Facebook Pixel

The Changing Face of Final Illness Over the Last Hundred Years

By HERWriter
Rate This
Changing Face of Final Illness Over the Past Hundred Years Divakaran Dileep/PhotoSpin

Are you in your late 20s, healthy, vibrant and just launching your career or family? If it were 1915, you would already be middle-aged. One hundred years ago, the average woman’s life expectancy was only 56.8 years.

According to the CDC, the top three causes of death in 1915 were heart disease, pneumonia and influenza, and tuberculosis.

Thanks to the discovery of penicillin in 1928 and its widespread use by the 1940s, deaths due to respiratory infections declined precipitously over the last century. Antibiotics have played a key role in raising women’s life expectancy.

Your daughters and granddaughters born in 2015 can expect to live 86.8 years, an increase in 30 years over the last century.

Deaths from respiratory infections have dropped to number 9, making room for the three leading causes of death in the United States today: heart disease, cancer and non-infectious respiratory diseases such as COPD, bronchitis, emphysema and asthma.

Medical News Today reports that these top three causes account for over 50 percent of all deaths in the country.

For a look at the evolution of fatal illness in the U.S., check out What Kills Us in One Chart.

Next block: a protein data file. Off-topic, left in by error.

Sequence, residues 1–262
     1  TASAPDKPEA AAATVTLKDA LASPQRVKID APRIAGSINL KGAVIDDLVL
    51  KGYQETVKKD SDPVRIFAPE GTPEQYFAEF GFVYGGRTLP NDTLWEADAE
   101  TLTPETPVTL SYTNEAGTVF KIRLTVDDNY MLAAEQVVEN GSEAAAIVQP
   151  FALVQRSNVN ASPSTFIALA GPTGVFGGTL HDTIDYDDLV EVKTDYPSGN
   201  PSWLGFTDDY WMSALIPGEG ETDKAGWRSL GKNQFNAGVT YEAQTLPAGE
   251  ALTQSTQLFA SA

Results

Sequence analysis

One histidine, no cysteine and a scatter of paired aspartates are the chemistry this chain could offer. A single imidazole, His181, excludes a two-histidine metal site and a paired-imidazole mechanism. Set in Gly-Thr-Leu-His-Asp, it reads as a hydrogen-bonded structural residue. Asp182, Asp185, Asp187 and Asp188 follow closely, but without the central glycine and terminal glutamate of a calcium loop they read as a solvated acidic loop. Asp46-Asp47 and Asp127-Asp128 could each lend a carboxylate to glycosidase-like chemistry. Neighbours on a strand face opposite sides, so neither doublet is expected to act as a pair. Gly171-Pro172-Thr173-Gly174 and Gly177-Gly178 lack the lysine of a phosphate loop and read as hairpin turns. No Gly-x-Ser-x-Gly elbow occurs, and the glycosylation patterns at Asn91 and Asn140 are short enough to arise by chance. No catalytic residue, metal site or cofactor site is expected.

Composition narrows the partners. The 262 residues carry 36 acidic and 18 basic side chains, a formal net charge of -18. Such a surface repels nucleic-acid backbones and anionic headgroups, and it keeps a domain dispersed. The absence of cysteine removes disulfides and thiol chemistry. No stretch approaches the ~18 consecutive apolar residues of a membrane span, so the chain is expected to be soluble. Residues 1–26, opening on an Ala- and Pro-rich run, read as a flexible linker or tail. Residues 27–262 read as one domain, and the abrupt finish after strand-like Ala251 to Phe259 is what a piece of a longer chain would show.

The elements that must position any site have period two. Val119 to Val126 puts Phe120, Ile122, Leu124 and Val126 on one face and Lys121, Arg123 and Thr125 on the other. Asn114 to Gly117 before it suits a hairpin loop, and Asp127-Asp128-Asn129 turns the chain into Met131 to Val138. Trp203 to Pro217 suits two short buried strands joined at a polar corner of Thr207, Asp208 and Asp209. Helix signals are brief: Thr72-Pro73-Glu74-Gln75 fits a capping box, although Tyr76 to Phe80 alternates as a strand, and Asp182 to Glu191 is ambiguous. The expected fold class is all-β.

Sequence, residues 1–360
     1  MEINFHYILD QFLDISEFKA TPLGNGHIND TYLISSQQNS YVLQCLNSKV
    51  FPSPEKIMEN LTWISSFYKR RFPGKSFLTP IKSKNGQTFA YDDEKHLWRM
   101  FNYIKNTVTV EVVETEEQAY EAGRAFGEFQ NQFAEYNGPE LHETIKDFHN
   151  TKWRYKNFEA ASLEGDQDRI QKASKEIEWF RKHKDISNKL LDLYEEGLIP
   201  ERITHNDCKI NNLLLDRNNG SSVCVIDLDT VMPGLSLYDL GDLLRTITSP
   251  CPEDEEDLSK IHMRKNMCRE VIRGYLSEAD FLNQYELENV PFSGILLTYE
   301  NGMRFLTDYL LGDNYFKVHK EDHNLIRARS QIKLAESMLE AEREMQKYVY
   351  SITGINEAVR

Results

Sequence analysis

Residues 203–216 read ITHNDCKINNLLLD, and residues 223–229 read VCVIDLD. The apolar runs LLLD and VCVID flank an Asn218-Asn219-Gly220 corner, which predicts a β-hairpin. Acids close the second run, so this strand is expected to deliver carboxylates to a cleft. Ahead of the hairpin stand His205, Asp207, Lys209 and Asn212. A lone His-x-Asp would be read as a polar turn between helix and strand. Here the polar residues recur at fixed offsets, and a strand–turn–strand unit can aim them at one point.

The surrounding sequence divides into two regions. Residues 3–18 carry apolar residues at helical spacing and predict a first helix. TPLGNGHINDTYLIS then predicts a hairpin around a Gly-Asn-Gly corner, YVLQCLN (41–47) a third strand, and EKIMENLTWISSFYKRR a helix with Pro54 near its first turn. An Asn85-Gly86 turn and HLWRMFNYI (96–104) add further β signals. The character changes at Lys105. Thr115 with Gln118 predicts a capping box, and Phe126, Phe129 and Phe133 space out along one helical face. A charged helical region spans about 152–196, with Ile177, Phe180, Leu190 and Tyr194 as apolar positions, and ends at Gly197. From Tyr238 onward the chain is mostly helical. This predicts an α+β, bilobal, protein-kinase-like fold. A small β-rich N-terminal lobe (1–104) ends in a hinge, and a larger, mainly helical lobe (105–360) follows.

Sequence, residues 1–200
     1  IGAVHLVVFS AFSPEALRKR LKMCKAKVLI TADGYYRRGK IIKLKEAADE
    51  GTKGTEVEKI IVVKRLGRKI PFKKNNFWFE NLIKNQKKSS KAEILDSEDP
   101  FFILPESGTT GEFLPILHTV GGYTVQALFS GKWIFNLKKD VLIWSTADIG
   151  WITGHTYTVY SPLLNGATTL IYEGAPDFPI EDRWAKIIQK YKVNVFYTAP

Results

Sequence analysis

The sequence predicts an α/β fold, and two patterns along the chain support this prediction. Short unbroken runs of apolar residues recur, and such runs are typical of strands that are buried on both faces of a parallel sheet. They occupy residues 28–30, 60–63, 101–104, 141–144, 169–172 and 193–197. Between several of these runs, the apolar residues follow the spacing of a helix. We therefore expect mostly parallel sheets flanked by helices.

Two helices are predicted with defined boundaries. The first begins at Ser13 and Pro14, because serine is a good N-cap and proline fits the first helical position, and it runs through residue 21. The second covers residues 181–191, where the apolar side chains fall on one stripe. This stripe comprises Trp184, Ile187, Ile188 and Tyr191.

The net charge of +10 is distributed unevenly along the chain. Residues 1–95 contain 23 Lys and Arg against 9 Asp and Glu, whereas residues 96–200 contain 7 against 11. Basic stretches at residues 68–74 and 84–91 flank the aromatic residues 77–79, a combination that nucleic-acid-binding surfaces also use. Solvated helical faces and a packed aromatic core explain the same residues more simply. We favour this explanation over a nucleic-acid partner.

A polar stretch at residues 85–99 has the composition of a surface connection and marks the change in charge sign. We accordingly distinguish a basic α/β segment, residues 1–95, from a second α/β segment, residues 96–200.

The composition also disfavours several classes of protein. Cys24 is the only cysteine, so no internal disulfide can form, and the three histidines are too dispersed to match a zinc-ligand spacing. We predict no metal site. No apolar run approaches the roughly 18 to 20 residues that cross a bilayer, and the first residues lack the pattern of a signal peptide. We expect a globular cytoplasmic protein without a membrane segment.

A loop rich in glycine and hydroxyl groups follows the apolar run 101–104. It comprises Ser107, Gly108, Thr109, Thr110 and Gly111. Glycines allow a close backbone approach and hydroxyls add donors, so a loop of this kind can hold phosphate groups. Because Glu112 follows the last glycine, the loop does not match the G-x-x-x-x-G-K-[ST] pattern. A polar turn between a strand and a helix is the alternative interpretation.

Decades of overuse of antibiotics and the consequent antibiotic resistance has raised concerns that infectious diseases will regain their foothold. The World Health Organization reported here on the threat of antimicrobal resistance (AMR) to global public health.

Groundbreaking news in the battle against superbugs was reported in January in the journal Nature. Teixobactin, a newly discovered antibiotic, is proving to outmaneuver antibiotic resistance. It is a promising development in the field of infectious disease.

Add a CommentComments

There are no comments yet. Be the first one and get the conversation started!

Enter the characters shown in the image.
By submitting this form, you agree to EmpowHER's terms of service and privacy policy

We value and respect our HERWriters' experiences, but everyone is different. Many of our writers are speaking from personal experience, and what's worked for them may not work for you. Their articles are not a substitute for medical advice, although we hope you can gain knowledge from their insight.

Heart Disease

Get Email Updates

Heart Disease Guide

Have a question? We're here to help. Ask the Community.


Health Newsletter

Receive the latest and greatest in women's health and wellness from EmpowHER - for free!